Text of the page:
In front of a blue curtain, Landry sits at a podium and talks into a microphone

In Jan. 2019, a judge spurned Attorney General Jeff Landry's argument that Louisiana's public records law only applies to state citizens, refusing to throw out a lawsuit filed against Landry by a woman who lives in Indiana

In 2021, Louisiana Attorney General Jeff Landry sued Andrea Gallo, a reporter for The Advocate and The Times-Picayune, for requesting access to public records related to sexual harassment complaints against the head of the state AG’s criminal division. Asserting privacy concerns, Landry asked a judge to seal the court proceedings and to issue a declaratory judgment effectively denying Gallo’s request and requiring her to cover the government’s legal fees.

The lawsuit came after the AG’s office said it would release the records, then said it would not release the records, and finally declined an invitation from the newspapers to redact the records to address legitimate privacy concerns. By then, the subject of the complaints, Pat Magee, had been formally disciplined for engaging “in inappropriate verbal conversations” in the workplace and making unprofessional comments about the appearance of coworkers. He later resigned.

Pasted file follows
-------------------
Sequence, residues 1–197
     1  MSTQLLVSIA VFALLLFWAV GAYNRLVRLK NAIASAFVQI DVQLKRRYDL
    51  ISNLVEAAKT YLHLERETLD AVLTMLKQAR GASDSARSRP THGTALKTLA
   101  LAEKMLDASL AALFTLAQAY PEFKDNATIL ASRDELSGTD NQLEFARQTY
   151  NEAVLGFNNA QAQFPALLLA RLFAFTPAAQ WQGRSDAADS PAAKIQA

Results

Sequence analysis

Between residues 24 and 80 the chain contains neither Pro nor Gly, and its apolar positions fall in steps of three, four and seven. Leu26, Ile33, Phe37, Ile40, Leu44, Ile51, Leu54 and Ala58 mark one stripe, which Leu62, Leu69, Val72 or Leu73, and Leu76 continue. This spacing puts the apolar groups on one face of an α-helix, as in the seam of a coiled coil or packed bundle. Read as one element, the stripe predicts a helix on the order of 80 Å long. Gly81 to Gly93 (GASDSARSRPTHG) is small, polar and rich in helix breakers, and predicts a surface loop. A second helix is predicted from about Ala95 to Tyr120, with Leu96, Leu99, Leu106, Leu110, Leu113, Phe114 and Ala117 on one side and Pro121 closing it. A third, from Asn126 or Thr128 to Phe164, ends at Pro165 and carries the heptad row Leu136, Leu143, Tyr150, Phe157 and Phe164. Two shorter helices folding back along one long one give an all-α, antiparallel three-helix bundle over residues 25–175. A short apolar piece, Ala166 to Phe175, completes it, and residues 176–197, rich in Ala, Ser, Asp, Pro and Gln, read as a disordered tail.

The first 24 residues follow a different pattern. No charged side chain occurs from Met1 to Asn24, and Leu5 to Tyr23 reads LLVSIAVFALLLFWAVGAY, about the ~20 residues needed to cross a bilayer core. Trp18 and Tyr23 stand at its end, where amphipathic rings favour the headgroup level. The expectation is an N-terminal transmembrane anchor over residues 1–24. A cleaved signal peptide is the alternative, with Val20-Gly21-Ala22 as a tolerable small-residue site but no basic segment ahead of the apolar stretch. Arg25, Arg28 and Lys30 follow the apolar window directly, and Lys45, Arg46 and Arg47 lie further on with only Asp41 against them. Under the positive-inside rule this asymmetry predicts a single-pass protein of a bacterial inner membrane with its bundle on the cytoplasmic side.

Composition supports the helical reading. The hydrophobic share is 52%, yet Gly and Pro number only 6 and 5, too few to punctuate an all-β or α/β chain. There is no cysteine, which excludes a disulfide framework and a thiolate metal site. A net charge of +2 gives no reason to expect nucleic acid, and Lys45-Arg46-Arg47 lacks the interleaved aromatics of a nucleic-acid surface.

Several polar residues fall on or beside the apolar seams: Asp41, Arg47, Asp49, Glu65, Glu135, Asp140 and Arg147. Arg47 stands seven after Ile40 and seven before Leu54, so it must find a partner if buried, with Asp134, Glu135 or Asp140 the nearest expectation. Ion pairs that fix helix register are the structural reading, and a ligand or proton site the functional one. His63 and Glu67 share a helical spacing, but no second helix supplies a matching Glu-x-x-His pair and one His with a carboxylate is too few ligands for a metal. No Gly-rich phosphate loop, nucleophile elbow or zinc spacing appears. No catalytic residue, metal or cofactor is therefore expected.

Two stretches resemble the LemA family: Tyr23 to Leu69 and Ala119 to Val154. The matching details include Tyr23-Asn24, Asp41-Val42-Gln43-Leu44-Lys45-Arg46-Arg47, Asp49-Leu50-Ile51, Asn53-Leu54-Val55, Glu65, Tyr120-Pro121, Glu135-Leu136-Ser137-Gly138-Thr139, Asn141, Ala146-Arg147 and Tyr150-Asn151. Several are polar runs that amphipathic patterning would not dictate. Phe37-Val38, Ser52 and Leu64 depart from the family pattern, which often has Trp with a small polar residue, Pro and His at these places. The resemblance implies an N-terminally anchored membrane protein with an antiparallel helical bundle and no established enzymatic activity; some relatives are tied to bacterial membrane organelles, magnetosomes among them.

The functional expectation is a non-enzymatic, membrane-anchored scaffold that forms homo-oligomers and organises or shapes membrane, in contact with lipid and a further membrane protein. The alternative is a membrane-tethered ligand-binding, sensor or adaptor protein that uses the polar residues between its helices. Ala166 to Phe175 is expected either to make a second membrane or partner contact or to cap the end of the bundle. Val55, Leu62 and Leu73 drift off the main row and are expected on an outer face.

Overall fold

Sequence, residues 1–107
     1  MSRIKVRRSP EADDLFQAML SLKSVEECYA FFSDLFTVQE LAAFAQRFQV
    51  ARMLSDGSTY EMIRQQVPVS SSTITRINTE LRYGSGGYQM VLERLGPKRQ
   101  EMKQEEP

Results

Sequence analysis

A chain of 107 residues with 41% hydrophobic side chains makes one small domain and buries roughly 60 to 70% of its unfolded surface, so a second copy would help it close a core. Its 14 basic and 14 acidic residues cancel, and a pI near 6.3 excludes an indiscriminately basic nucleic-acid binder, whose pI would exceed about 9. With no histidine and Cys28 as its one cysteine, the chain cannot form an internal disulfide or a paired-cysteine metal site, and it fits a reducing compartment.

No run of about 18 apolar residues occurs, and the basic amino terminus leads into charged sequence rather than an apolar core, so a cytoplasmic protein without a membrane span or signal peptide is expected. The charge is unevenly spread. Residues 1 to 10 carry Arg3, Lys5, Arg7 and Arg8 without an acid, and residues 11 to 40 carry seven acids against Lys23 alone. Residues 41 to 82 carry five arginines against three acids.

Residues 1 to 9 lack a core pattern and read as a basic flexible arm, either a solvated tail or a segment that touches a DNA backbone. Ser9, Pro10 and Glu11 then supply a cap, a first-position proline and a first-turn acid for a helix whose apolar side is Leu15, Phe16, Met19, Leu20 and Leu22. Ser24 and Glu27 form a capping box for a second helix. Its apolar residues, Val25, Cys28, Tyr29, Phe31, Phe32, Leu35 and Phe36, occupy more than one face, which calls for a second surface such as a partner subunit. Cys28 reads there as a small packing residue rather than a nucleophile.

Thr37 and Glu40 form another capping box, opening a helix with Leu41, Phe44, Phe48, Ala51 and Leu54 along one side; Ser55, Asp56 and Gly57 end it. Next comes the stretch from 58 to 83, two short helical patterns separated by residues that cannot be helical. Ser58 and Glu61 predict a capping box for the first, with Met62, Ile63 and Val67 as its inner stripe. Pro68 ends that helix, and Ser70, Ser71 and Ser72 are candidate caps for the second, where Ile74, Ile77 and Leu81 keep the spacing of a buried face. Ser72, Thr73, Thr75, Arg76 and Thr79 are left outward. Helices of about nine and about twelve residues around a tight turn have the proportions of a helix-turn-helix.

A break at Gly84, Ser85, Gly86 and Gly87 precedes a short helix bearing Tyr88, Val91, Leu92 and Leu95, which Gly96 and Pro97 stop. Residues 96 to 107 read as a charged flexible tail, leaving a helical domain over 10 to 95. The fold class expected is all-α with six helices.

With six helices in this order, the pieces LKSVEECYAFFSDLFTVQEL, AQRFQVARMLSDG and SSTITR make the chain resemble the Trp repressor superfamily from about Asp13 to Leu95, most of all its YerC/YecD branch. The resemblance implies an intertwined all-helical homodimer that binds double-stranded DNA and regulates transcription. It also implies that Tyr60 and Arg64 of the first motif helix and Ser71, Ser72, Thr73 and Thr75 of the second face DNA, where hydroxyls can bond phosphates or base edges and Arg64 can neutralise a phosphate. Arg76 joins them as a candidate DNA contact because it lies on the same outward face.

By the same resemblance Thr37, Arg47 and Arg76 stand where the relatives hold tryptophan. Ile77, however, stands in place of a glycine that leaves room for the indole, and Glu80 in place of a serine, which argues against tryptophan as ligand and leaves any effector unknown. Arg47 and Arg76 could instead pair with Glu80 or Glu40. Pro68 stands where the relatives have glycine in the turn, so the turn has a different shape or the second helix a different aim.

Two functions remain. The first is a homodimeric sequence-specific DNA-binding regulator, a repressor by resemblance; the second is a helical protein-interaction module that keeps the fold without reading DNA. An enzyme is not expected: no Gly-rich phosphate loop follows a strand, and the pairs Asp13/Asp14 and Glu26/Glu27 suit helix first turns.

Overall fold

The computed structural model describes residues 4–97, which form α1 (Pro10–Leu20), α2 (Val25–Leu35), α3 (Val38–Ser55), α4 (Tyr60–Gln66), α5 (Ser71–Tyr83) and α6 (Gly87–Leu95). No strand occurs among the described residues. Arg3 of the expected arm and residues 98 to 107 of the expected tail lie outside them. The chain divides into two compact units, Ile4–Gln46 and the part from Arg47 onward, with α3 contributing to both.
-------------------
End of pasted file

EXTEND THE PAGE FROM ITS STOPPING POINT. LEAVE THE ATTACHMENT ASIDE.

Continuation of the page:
In response to the AG’s lawsuit, Advocate editor Peter Kovacs told The Washington Post that he was worried it would have a chilling effect on open government. “If a citizen filed a public records request and then was sued and had to pay the legal fees of the agency that requested it, you would have a lot less citizens feeling comfortable filing public records requests,” he said. “It becomes an intimidation measure that promotes government secrecy.”

Ultimately, the judge ruled against Landry and ordered the AG’s office to release the records and to pay a portion of Gallo’s legal fees. The case bewildered a lot of commentators, who on the whole hadn’t seen a government official sue a journalist for requesting records. But these actions date back decades, and they’ve been on the rise in recent years, at a time when it’s already too hard to obtain public records. The process is unnavigable or vastly frustrating for many people, in large part because penalties for noncompliance are seldom or sporadically enforced, and long delays and baseless exemption claims are routine.

Taking a wider view, government actions against public records requesters are of a piece with efforts worldwide to interfere with accountability reporting: “fake news” laws that criminalize journalism unfavorable to the government, the weaponization of libel laws to score political points or exact revenge on critics, the spread of pink slime partisan sites that mimic news outlets, and so on. Independent journalism is under duress on multiple fronts, one of them taking the form of lawsuits like Landry’s. Which, again, was far from the first of its kind.